Family Medicine Physicians Discuss “Protecting Emergency Department Positions”

From the AAFP:

Gerald Banks, M.D., M.S., of Corpus Christi, Texas, a member of the IMG constituency, introduced a resolution regarding ER physicians. Banks, who also chairs the AAFP member interest group on emergency medicine/urgent care, testified that family physicians are losing their jobs.

“There’s been a pervasive workforce issue where family doctors who’ve been practicing emergency medicine and urgent care have been getting displaced from their jobs and replaced by new ER grads,” said Banks.

“Family docs who’ve been working in emergency rooms for 10-15 years have been private-messaging me saying, ‘What’s going on? I just lost my job to a recently graduated ER resident. Can you help us? What can we do?'”

Banks referred to the AAFP’s policy on privileging, which states that physicians should be granted clinical privileges based on training and competency rather than board certification. Banks argued for “a little more teeth” in addition to that policy and urged the AAFP to create a sample legal opinion on the issue “so we can cement our status as broad-scope-of-practice physicians.”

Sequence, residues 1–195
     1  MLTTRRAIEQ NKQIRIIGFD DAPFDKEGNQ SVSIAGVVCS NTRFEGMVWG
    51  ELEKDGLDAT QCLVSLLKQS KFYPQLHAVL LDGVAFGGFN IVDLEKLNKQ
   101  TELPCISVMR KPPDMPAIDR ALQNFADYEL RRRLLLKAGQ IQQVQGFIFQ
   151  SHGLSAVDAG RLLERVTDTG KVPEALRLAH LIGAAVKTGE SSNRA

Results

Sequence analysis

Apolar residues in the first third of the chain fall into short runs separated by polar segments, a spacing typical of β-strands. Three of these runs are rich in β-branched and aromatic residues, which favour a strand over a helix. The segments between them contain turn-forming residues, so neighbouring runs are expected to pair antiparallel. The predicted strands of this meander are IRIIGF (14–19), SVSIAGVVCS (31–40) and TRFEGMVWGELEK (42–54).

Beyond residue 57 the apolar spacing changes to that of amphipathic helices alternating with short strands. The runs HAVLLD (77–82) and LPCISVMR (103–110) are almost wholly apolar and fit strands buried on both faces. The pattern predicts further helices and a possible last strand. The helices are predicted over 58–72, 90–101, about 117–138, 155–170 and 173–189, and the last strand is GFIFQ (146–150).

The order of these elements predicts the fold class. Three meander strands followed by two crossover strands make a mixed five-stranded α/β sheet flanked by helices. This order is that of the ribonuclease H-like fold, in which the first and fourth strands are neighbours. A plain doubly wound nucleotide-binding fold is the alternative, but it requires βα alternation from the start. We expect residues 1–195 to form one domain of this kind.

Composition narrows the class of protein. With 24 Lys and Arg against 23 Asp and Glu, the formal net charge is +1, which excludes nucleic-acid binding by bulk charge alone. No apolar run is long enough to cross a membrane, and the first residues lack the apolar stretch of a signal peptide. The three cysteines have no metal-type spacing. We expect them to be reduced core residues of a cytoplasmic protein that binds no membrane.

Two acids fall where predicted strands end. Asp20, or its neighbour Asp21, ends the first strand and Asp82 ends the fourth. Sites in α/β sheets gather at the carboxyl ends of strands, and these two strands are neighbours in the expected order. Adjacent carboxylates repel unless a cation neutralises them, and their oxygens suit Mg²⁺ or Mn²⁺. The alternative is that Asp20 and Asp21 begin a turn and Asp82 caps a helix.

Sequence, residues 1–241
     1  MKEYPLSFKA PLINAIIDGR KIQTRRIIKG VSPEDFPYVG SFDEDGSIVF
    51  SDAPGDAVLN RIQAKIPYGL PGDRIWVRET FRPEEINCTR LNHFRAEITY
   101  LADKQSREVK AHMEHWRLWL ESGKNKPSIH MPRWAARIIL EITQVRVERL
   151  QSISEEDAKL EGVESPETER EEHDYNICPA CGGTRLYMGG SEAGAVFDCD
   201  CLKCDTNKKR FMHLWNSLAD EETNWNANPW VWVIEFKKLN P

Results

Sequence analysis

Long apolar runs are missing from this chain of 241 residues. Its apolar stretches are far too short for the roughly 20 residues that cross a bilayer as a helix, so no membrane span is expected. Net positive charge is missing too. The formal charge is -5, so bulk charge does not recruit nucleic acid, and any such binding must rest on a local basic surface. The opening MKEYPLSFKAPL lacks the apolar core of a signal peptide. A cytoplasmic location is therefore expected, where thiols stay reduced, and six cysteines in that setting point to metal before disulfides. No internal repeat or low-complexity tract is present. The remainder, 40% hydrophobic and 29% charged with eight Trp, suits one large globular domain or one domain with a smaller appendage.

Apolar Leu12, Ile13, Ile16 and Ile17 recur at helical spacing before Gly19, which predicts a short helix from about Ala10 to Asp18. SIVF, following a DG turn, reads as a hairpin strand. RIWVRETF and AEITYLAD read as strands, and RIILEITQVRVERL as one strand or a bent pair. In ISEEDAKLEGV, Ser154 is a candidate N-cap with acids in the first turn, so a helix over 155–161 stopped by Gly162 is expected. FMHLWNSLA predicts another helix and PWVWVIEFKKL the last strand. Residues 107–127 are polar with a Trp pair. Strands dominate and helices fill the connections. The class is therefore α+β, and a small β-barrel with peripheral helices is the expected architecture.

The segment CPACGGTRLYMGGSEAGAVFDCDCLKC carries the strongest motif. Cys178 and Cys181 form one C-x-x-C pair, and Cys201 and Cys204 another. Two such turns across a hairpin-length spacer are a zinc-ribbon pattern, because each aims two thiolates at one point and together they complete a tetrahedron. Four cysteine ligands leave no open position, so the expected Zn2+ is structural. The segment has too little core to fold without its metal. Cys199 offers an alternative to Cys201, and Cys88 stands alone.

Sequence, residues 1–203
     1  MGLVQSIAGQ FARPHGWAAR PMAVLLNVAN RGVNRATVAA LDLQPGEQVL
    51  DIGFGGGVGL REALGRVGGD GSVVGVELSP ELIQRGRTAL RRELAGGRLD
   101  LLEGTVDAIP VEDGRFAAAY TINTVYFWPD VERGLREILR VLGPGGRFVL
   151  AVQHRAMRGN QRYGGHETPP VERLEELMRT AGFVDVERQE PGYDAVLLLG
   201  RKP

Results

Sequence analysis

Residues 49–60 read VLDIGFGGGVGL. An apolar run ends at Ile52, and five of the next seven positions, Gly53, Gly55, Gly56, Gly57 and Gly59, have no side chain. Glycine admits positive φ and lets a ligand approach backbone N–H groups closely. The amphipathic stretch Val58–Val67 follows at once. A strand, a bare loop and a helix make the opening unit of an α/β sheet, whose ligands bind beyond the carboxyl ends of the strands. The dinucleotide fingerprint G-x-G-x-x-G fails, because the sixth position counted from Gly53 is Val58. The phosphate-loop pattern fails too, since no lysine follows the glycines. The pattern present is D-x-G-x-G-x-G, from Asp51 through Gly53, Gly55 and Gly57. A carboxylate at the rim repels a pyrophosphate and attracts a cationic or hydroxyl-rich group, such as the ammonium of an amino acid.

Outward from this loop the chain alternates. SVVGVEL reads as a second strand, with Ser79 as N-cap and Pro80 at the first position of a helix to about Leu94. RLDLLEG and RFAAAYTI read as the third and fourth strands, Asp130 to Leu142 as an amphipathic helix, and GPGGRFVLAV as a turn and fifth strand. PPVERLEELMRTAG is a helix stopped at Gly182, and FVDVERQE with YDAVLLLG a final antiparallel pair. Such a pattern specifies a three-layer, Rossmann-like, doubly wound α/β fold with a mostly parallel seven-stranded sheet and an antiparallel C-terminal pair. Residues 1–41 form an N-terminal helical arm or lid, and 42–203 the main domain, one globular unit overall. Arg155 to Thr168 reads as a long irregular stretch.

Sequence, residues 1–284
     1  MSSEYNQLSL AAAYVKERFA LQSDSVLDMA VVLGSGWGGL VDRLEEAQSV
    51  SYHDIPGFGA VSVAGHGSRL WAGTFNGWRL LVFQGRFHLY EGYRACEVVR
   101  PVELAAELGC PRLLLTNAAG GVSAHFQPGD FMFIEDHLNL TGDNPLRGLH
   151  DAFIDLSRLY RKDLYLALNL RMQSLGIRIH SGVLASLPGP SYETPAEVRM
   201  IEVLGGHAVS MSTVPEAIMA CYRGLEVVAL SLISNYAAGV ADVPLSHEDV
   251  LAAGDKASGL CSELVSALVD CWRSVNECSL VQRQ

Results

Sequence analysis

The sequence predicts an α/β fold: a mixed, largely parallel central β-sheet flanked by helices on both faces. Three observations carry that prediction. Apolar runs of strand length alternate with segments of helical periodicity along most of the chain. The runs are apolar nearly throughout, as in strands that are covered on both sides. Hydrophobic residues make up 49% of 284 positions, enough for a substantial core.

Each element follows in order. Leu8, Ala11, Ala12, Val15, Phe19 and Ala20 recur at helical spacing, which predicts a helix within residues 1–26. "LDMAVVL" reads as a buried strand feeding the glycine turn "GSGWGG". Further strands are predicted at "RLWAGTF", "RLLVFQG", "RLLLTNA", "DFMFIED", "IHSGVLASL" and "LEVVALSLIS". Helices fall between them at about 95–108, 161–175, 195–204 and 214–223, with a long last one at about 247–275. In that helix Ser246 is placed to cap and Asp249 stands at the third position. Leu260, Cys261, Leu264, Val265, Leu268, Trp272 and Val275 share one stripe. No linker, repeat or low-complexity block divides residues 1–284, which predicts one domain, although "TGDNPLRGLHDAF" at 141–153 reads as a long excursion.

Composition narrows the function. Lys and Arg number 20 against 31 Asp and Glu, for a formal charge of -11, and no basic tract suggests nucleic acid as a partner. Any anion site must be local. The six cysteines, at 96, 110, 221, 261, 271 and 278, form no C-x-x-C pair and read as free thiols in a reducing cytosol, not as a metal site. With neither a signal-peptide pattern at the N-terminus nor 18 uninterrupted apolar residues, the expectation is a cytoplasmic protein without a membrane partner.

Christopher Buelvas, M.D., M.B.A., M.H.A., an IMG delegate from Altamonte Springs, Fla., co-authored the resolution. “I work in a city where I’m not allowed to work in the emergency department because I’m a family medicine physician — although I was trained and spent extensive time in the emergency department,” he told the reference committee. He called for the AAFP to “take a stand” against those who oppose family physicians in the ER.

Bystander CPR, defibrillation cuts long-term odds of brain damage, death

From Reuters:

When a bystander gives CPR or applies an automatic defibrillator to someone who has collapsed from cardiac arrest, the benefits persist for at least a year.

A Danish study has concluded that the two techniques lower the long-term risk of death from any cause, brain damage or nursing home admission by one third in people who are still alive 30 days after their cardiac arrest.

Most previous studies have looked at whether people who get CPR or defibrillation manage to survive or escape serious injury by the 30-day mark.

“This science provides the linkage to show that resuscitation is not just important in the immediate cardiac arrest phase, but it’s an important factor into whether they go back to their lives intact,” said Dr. Michael Kurz, associate professor of emergency medicine at the University of Alabama-Birmingham Medicine, who was not involved in the study.